November 2nd, 2012: CARP members are as likely to suffer elder abuse as the rest of the population, and they understand the deep ramifications for family stability and social order implicit in abuse. They are torn between keeping it a family affair and reporting to authorities, though most agree there should be a “Duty to Report”.
A very small percentage of CARP members, consistent with accepted national estimates, has suffered elder abuse themselves, but as many as one third know someone who has suffered abuse, which indicates a substantial under-reporting problem.
Abuse suffered is most likely to be financial elder abuse, also in line with national estimates, although verbal abuse is also reported. Close to one third report they or someone they know has been financially abused because of their age.
Only a small minority of members think themselves personally vulnerable to abuse, but all members are concerned by the ramifications for themselves.
When asked what kind of intervention would be best were they being abused, members are split between an internal family confrontation and an external police investigation. By the same token, if they were being abused, they are split on whether they would call police, call family or confront the abuser themselves. In a further example of this split, the preferred penalty for an abuser is either jail time or restitution.
In terms of recognizing signs of abuse in others, the key is withdrawal and depression, accompanied by witness from the victim and confusion and fear of companions. Most would first ask the victim if they were being abused and then would use the knowledge that they have a responsibility to report to other family members or to the police.
Many are concerned about erring in making an accusation of abuse and there is high interest in “Good Samaritan” protection for the honestly mistaken, but also in a legislated “Duty to Report” with substantial penalties for failure to do so.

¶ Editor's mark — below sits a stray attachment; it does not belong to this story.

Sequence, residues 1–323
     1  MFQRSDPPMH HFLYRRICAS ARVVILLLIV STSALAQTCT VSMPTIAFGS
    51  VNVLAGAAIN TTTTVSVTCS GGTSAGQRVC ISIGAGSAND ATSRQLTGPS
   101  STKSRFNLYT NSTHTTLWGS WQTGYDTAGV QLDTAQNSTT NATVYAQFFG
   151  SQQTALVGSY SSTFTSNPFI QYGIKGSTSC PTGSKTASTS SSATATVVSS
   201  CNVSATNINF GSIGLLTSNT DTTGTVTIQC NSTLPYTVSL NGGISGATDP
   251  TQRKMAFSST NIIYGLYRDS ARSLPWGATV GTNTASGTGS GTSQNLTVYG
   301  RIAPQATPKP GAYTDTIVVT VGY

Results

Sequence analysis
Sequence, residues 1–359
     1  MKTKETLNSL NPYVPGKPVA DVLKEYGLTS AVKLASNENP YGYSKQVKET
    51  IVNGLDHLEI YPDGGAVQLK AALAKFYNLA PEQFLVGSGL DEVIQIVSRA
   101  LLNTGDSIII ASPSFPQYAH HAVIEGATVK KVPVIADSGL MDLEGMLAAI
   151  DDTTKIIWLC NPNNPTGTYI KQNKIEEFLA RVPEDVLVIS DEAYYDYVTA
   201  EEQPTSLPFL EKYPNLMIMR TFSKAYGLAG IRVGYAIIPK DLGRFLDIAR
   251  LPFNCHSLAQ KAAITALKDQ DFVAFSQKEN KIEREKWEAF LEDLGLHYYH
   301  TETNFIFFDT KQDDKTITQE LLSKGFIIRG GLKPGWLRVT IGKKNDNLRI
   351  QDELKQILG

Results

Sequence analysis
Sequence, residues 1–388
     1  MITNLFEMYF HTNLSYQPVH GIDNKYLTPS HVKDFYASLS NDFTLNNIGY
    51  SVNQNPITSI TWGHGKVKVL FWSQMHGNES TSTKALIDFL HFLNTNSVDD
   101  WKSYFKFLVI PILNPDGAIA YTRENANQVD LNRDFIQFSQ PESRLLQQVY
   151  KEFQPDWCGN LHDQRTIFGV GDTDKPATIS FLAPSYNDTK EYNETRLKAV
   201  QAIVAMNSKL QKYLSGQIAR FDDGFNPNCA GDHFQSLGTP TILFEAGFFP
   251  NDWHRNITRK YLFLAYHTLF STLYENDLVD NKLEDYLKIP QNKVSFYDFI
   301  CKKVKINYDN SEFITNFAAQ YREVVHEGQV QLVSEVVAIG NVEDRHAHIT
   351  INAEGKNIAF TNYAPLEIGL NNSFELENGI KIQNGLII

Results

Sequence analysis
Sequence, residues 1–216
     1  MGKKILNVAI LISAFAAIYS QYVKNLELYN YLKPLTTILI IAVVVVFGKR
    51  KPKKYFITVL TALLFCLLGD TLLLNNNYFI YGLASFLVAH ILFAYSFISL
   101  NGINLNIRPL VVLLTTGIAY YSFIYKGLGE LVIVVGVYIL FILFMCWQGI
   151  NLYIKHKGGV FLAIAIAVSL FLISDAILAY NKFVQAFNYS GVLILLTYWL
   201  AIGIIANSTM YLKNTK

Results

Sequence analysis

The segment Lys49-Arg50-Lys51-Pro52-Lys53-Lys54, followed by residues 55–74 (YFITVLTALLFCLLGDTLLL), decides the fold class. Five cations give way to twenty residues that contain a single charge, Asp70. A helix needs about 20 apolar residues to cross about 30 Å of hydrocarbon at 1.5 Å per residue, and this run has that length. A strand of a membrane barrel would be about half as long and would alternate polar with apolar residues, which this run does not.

Members agree the best thing to do to avoid abuse is staying socially connected and on top of one’s finances and financial decisions.
Of five listed CARP advocacy positions on elder abuse, the duty to report and the 1-800/911-type reporting number are seen to be the most effective, although none are seen to be ineffective.
A national investor protection agency with enforcement and restitution powers is seen to be the best way to curtail financial abuse in Canada this year, and this has increased markedly over last year. In addition, awareness-building about elder abuse is seen to be a more important tool this year than last year in combating elder abuse.
CARP members in Ontario are very concerned Premier McGuinty prorogued the legislature, especially when they learn a fire safety bill died with the parliament. They think he prorogued to avoid trouble, not to govern better.
The Conservatives lead in voter preference, the NDP is in second, and the Liberals, after a brief fling with the Trudeau effect are back in third place.TCPTG12345